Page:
Lawyers highlight exclusion clause risk

Lack of explicit agreement due to conditions appearing on invoice, instead of contract, leaves carrier exposed

April 2, 2013

A conditions-of-carriage case in Western Australia has resulted in a slew of lawyers’ comments on the presentation of exclusion clauses.

The case, La Rosa v Nudrill, relates to an incident in 2001, when a drill rig fell from the low-loader.

Giuseppe La Rosa, who was the driver and transport company owner, had had a long-term but infrequent business relationship with drill-rig owner Nudrill and had been in the practice of putting terms and conditions on the back of paper invoices, while contracts were organised orally beforehand.

The relevant clause was:

"All goods are handled, lifted or carried at owner's risk. The Contractor shall not be liable for any loss or damage of property and/or goods of the Client whether such damage was caused by any act, default or negligence on the part of the Contractor, and/or his servants."

But the WA Appeal Court judge backed the original judgement that La Rosa was not entitled to infer that these conditions were agreed to by Nudrill.

This was in part due to the conditions being on the back of the invoice, where a "reasonable person" would have been expected to find a call for payment rather than contractual terms.

This point was highlighted by lawyers.

"In short, there was nothing to objectively show that Nudrill, in receiving the invoices, accepted (or ought to be deemed to have accepted) the terms contained in them," Holding Redlich senior Associate Bede Haines writes.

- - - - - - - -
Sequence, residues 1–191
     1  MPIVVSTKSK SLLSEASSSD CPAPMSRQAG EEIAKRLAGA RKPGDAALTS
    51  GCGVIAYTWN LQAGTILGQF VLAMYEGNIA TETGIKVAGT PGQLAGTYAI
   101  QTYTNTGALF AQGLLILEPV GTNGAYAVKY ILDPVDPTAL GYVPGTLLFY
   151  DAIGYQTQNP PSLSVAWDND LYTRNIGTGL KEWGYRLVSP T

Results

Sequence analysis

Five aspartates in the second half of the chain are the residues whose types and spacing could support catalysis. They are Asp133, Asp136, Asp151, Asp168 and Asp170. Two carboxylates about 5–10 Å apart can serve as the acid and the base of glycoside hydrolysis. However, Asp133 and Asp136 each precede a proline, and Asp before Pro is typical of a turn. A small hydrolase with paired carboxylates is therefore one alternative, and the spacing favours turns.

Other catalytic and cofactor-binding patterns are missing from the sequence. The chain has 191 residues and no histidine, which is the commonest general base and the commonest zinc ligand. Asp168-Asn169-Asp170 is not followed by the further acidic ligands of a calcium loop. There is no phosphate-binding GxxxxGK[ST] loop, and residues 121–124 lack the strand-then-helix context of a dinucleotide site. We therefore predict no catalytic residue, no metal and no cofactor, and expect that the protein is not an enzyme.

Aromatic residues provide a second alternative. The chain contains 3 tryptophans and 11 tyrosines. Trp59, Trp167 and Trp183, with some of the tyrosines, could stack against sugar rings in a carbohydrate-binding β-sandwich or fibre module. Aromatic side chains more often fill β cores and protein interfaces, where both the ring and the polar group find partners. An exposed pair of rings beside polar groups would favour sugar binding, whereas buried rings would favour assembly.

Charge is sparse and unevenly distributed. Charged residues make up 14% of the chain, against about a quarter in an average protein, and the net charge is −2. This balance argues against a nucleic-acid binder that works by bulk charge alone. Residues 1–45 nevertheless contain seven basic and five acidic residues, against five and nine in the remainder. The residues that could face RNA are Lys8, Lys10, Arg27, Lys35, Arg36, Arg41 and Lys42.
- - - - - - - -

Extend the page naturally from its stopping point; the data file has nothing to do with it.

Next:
"No doubt the situation would have been different had the terms, or at least their existence, been drawn to the attention of Nudrill prior to the job being complete."

Commenting lawyers conclude that producing clauses later, once a contract is entered into, is a risky move if anything goes wrong.

"This case clearly warns contractors of the dangers of inserting terms and conditions of their engagement after the contract had been formed," lawyer Selva Veeriah says.

Cooper Grace Ward Special Counsel Gillian Bristow makes a similar point.

"A carrier is not entitled to conclude from the actions or conduct of its customer that the customer has accepted and agreed to be bound by printed conditions on a tax invoice delivered after performance of the contract," Bristow says, emphasising ‘after’.

"Carriers should ensure that their conditions of carriage are contained in a contractual document, such as a consignment note or quotation, and are signed or otherwise acknowledged by customers before the carrier transports goods.

"The safest course of action is for carriers to have a single written contract with their customers that applies to all transport services provided by the carrier.

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